Women's swimming fueled by first-years' performances
The Dartmouth women’s swimming team hasn’t been much of a contender in the Ivy League in the past few seasons, but a strong freshman class and a solid start to the 2018-19 season provide significant optimism for the future of the program.
So far, the team stands at 4-4, a huge improvement from a disappointing 2017-18 season in which it went winless and finished in last place in the Ivy League championships.
“Our team is more competitive this year than it has been in the past,” coach Jamie Holder said. “I feel really positive about where we are as a team.”
With a victory over Cornell University already under its belt, its first league victory since 2012, in addition to three other non-conference victories, the team is in position for much better results throughout the rest of the season.
“We’re moving in the right direction,” Mackenzie Stumpf ’21 said.
The most positive aspect about the team’s success is that it has been fueled in large part by underclassmen. Mia Leko ’22 won all three of her events in the meet against Cornell and has been a huge contributor for the team this season.
“Mia has been great,” Stumpf said. “She’s obviously fast, but she works extremely hard in practice and motivates us all to put more effort in.”
Holder also pointed out Susannah Laster ’22, Ashley Post ’22 and Zoe Wortzman ’22 as three additional first-year women who are contributing at a high level.
“I think our freshman class is really special,” Leko said. “We’re incredibly close out of the pool, and we’ve had a great season so far.”
Holder agrees that while the underclassmen bring a lot to the program, the upperclassmen have done a stellar job in leading by example.
“The juniors and seniors have really bought in to what we’re trying to do, and they’re contributing [significantly],” Holder said.
The team is led by three senior captains in Laura Barthold ’19, Grace Herron ’19 and Caroline Poleway ’19. Holder believes that the captains and the class as a whole are largely responsible for the program’s turnaround.
“The whole senior class has done a good job buying into the program and with proactive leadership,” Holder said.
While it will be difficult to replace the three senior captains and the upperclassmen leadership next year, the Big Green’s young talent leave it in great shape for the 2019-20 season and beyond. Additionally, it appears that the program will only continue to improve, as Leko anticipates a solid recruiting class coming in for next season.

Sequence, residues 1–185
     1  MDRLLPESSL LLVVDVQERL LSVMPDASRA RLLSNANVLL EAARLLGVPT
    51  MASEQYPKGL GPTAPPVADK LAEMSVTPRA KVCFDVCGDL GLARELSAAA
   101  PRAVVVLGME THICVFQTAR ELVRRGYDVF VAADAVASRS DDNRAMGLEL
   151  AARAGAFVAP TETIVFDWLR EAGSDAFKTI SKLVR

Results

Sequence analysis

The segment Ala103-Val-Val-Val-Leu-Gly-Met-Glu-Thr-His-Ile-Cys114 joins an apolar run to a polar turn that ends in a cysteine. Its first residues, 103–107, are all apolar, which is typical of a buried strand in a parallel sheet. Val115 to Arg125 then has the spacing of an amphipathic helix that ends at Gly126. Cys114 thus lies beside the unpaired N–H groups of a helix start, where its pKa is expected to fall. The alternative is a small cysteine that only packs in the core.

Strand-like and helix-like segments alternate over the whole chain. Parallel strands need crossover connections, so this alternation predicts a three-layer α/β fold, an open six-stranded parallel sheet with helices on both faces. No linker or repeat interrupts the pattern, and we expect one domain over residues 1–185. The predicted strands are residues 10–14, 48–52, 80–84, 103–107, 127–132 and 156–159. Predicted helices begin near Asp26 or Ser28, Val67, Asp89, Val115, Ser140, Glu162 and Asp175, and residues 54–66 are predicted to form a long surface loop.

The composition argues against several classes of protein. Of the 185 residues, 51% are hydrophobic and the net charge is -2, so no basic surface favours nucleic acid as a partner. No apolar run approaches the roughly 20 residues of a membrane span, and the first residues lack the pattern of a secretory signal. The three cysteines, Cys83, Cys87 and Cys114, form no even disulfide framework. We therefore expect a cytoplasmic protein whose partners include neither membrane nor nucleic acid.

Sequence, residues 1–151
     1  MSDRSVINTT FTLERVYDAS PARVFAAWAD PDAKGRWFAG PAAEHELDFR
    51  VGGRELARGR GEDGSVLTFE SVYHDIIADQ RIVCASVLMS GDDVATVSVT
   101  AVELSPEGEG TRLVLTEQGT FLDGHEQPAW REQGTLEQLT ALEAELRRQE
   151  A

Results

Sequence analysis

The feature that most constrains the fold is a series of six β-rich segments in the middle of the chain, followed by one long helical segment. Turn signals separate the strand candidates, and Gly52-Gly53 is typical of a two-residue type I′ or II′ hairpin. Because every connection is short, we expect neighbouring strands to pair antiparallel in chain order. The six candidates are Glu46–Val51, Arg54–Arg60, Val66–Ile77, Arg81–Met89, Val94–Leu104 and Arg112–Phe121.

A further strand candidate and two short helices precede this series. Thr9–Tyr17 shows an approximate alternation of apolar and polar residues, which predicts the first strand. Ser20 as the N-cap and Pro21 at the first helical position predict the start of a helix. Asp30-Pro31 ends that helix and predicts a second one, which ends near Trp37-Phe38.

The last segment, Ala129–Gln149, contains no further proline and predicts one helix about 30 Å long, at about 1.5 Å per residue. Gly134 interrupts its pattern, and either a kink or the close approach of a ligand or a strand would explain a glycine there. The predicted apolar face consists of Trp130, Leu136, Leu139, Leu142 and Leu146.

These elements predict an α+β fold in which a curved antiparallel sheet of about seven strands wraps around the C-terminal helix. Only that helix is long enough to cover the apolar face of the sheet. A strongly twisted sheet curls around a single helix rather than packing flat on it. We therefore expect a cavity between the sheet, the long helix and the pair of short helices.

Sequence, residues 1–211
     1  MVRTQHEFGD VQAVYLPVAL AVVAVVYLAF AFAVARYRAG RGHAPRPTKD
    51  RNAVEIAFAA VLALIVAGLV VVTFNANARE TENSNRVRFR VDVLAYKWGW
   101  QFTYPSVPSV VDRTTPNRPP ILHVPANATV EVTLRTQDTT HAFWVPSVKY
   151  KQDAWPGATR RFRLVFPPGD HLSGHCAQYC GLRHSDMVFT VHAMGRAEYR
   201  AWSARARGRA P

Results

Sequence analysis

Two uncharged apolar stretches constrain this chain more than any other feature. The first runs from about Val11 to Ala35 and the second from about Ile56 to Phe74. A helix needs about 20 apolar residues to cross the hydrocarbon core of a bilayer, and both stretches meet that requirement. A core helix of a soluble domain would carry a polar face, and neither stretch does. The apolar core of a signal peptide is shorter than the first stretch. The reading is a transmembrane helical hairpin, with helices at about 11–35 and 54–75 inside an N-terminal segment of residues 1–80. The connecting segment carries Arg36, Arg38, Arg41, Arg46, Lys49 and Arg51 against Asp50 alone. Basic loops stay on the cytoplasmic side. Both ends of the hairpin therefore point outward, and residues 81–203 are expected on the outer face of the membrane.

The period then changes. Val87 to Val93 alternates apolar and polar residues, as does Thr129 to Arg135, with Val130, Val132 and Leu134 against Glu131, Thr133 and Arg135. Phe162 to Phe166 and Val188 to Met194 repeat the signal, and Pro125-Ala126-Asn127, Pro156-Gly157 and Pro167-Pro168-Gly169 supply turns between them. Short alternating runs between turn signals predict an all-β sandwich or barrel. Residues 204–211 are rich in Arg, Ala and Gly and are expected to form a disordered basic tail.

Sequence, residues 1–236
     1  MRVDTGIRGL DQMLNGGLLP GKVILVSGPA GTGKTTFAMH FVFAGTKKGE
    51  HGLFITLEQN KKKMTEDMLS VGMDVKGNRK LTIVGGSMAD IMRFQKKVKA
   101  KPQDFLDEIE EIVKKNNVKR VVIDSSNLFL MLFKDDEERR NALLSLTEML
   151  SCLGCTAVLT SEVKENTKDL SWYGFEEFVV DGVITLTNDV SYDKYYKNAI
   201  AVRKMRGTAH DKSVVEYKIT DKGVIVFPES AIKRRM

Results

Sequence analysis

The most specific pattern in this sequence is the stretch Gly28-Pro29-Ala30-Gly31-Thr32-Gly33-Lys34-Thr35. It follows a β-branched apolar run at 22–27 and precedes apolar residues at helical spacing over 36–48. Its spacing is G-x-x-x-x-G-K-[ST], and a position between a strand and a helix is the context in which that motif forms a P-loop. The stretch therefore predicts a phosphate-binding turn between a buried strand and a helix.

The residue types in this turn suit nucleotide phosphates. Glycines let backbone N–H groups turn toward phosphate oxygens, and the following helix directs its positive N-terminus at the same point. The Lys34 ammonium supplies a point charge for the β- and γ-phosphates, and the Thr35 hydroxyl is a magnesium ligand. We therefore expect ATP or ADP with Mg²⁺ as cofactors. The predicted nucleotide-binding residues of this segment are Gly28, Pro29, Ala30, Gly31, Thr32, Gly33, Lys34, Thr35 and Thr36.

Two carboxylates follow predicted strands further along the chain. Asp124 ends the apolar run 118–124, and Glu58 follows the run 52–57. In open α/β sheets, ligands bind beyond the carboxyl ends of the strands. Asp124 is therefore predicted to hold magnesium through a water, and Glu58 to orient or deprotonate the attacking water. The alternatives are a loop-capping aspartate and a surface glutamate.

“Coach Holder came to Dartmouth a few years ago and continues to recruit better and better classes,” Leko said. “We have some really good swimmers coming for next year.”
Holder is excited to watch the team continue to grow, echoing a similar sentiment.
“We expect a lot of them to come in and contribute right away to push the team to the next level,” Holder said. “It’s a good follow-up to the current freshman class.”
However, the Big Green still have some business to take care of this season first. The team has a home meet coming up in the end of January, as it will host the Tate Ramsden Invitational. Previously known as the Dartmouth Invitational, the name was changed to honor late Dartmouth swimmer Tate Ramsden ‘17. The team will host the meet on Jan. 25 and 26.
After that, the team has another home meet against Columbia University the next weekend. While Columbia will present a difficult test for the Big Green, Dartmouth is 2-0 in Hanover this season, as it already has convincing victories over the University of Connecticut and the University of New Hampshire in the friendly confines of Karl Michael Pool. In the Connecticut meet, which took place this past Saturday, the Big Green won in an impressive 154-83 blowout.
Following the Columbia meet, the team has almost three full weeks to prepare for the annual Ivy League championships, which will take place from February 20-23 at Princeton University. With the elusive Ivy League victory under its belt, the team’s first since 2012, it can now set its sights on passing more Ivy League opponents in the conference hierarchy.
“I’d like to think that we could beat one or potentially two or three Ivy League teams this year,” Holder said. “But we’re trying to focus on the things we can control: racing and practicing hard. The scoring will take care of itself, but I do not expect us to be the last place team this year.”
The team still has some work to do to if it wants to ascend to the top of the Ivy League, but it’s certainly trending in the right direction. If the team’s young talent continues to progress as expected, look for the Big Green to become much more competitive in the coming years.
Correction appended (Jan. 22, 2019): This article originally misspelled Jamie Holder’s last name as “Holden."